I love when the Sarasota Film Festival comes to town---the 'round-the-clock movies, red carpet premieres, filmmakers and stars descending on the city and a buzz among the locals, all celebrating film as an art form.
As soon as I get my hands on an SFF film guide, I scour it trying to decide what to see and when to see it, toggling back and forth between the film list and the calendars in back, which help ensure your films don’t overlap. When I have film conflicts during the jam-packed week, I always favor more obscure movies lacking big-name stars, because those are unlikely to open in local theaters and will be much harder to track down later.
I love documentaries, particularly the ones that take me on armchair adventures. Film can transport me to places and cultures that may be beyond my reach or even beyond my tolerance (I’m more of a "hotel with robes" kind of a girl). Documentaries take me inside worlds to which I wouldn’t otherwise have access.
Once while traveling on a yoga retreat to Costa Rica, one of the other participants told me about all of her adventures traveling the globe, meeting people in small villages and far-away regions. My response to every story was, “I saw a documentary about that!” I found myself recommending documentaries to this globetrotter, and I realized that occasionally I had learned more about a region or culture through a two-hour film than she was able to in her travels, because a filmmaker can give the viewer a perspective that is often difficult to capture, for even the most intrepid adventurer.
Although there are many more films I wish to see, here are my top five picks (a mixture of documentaries and dramas):
1. Without Shepherds (Friday, April 12, 2:15 p.m. and Sunday, April 14, 6:15 p.m.)
This documentary is about six Pakistanis who are trying to bring about social change in their war-torn country. I like the idea of these “shepherds” taking me inside the world of the average Pakistani so I can better understand what is taking place in that region. I’m sure I wasn’t the only one to find it alarming that Osama Bin Laden was essentially hiding in plain sight in their country;
2. First Comes Love (Monday, April 8 at 7:15 p.m. and Tuesday, April 9 at 5:30 p.m.)
First Comes Love is a self-revelatory documentary about the filmmaker’s experience having a baby on her own at 41. In past work, Davenport seems to specialize in helping us understand the lives of single women, as she has “always been obsessed with the institution of marriage and its promises of fulfillment” (Always a Bridesmaid). Up until now, this accomplished filmmaker had not yet taken time out to have a child, and the film follows her journey to single motherhood. I’m hoping to bring TWIS readers an interview with Davenport during the film festival.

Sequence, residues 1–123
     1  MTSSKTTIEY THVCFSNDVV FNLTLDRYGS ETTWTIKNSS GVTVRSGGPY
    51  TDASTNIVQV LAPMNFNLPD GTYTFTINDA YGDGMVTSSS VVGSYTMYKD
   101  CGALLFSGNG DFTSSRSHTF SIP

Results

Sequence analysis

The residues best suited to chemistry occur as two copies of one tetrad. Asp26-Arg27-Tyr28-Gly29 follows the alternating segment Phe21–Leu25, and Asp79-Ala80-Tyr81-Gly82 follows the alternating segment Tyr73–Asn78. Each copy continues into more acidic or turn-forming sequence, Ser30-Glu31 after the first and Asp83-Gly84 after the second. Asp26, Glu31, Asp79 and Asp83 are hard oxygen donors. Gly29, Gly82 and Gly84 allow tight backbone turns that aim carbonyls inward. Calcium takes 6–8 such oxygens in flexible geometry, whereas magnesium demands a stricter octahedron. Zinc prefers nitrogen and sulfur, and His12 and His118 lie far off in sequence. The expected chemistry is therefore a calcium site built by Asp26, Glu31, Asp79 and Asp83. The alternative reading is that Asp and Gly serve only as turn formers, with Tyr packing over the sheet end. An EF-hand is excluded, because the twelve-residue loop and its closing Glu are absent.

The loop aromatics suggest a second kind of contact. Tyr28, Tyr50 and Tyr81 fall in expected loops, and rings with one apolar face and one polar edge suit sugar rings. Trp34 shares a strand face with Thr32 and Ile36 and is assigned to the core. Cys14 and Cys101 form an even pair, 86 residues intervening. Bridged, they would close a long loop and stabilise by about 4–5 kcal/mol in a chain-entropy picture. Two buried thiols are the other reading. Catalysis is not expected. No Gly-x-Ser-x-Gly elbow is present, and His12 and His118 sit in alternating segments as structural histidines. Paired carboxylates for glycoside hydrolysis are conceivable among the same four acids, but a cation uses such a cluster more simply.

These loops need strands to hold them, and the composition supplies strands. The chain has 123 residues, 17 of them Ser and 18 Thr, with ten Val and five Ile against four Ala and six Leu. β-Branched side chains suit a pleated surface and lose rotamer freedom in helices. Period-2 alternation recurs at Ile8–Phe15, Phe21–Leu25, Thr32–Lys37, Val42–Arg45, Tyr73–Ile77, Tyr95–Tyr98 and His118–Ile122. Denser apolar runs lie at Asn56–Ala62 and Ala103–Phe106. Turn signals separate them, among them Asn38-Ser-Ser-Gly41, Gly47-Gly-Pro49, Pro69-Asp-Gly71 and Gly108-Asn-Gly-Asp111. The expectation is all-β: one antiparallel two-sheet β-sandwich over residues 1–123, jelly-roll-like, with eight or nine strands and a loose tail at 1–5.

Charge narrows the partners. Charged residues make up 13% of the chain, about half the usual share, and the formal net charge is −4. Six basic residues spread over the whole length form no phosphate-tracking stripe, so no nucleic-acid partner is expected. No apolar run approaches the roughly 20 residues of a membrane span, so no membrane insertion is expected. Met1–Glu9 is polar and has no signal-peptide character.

3. You Ain’t Seen Nothin' Yet (Saturday, April 6 at 1 p.m. and Tuesday, April 9 at 2:30 p.m.)
This French film with English subtitles is about a dying playwright who gathers his theatrical friends together for a modern reading of the play Eurydice and then encourages them to play various roles. I love the idea of this one---first of all, true theater people always intrigue me because their lives are spent inhabiting other characters; second, it’s sure to be a feel-good, tear-jerker film, which I always love and which you can count on from the great programmers at SFF.
4. After Tiller (Friday, April 12 at 7 p.m. and Saturday, April 13 at 5:30 p.m.)
This documentary takes a hard look at the aftermath of the assassination of one of the only remaining doctors in America willing to perform late-term abortions. This sounds like an incredible film that will surely invoke some soul-searching among viewers about what will happen if politicians continue to play such an all-encompassing role in determining what women do with their own bodies---but which will also will show us in real time the complexity of late-term abortions.
5. Renoir (Monday, April 8 at 7:30 p.m.)
Another French film, this is hands-down the one I am most excited to see. Renoir tells the story of a young woman who models for the great Impressionist painter and meets the artist’s son upon his return from the front of World War I. This appears to be a passionate love story about the power of art, set on the French Riviera and promising details of the life of perhaps my favorite artist, Auguste Renoir. I would practically hang from the rafters to get to see this one!
So with that, I hope to see you at the movies! Stay tuned for my interviews with some of the filmmakers.